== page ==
Dirtiest team in the NBA. Bar none. And no one calls them on it. And for some reason nobody who has played them in the playoffs has given them a dose of their own medicine to keep them in check. Granted, they have the David Stern card they can play whenever things get serious. They’re like the kid in elementary school who just kept poking you and poking you during class until the point you eventually snap and push him, and then he flops onto the floor and cries to the teacher and you get in trouble. Then as you walk to time out and the teacher’s back is turned he winks at you and grins just to really twist the knife. That’s the Spurs. Ginobili throws elbows all over the place (Watch the tape of Game 4 against the Jazz if you don’t believe me. He threw a shot as egregious as the one he caught from Derek Fisher when he got his 2nd technical that wasn’t called and then scored and got fouled on the play.), Bruce Bowen is dirty almost beyond belief, and Duncan whines worse than Sheed. He doesn’t think he’s committed a foul since 1998. Bill Simmons detailed Bowen’s antics better than I ever could, so go search his archive at Page 2 if you want the full write-up. So my focus is Ginobili. If he were Stephen Jackson or J.R. Smith or even Kobe he’d be getting reamed in the media right now. Remember those suspensions Kobe got earlier this year for forearms/elbows he threw or “misplaced”? Ginobili throws some that would make Kobe blush, and Bowen does the same. Yet nothing happens. And Amare and Diaw take three steps away from the bench and miss the pivotal game of their series. Makes no sense whatsoever. I hope Stern is happy when the Spurs play the Pistons or Cavs and nobody watches them flop their way to four 83-77 wins and another title. It would serve him right.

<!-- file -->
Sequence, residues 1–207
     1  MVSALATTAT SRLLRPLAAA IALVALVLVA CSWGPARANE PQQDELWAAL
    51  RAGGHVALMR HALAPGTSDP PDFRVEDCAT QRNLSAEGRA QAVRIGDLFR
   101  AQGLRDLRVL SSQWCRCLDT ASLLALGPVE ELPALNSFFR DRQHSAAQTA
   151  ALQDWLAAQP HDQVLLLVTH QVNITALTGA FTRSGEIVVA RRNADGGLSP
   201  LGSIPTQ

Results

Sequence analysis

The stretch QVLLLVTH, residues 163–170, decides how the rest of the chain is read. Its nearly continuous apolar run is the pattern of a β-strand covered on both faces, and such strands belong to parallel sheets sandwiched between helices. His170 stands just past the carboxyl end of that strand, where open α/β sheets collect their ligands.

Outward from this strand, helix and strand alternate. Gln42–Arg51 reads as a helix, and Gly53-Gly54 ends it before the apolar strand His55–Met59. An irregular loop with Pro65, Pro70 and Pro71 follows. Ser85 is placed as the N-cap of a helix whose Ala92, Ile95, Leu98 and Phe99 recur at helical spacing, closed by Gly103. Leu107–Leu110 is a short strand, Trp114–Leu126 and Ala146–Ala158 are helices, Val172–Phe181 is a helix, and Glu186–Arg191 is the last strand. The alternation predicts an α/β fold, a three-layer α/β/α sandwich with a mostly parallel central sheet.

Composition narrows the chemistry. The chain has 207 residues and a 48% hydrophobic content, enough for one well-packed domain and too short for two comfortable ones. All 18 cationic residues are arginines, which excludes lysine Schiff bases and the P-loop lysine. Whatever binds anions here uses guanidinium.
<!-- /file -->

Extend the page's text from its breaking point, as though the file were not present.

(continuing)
Daily DUI News: May 29th, 2007

Culprit: Jerry Buss
Occupation: Owner of the Los Angeles Lakers
Quote from a painstakingly prepared statement issued by the Lakers organization: "Although I was driving only a short distance, it was a bad decision and I was wrong to do it."
Probable Cause: The once great Laker franchise is in salary cap hell with no end in sight and Kobe is sounding off once again. His second best player is named Smush and his boy wonder Andrew Bynum has the entire city "wonder"ing why they didn't trade him for Jason Kidd. He is coming to the sad realization that if he would have kept Shaq, he could be drinking championship rings instead of whiskey sours.
What happens now: Svedka Vodka is likely to pull out as sponsor of Buss' birthday party. But he has gained the respect of local party animal Lindsay Lohan. Also, Kobe Bryant has reportedly already demanded the Lakers search for a new owner only to quickly back off claiming it was only a suggestion.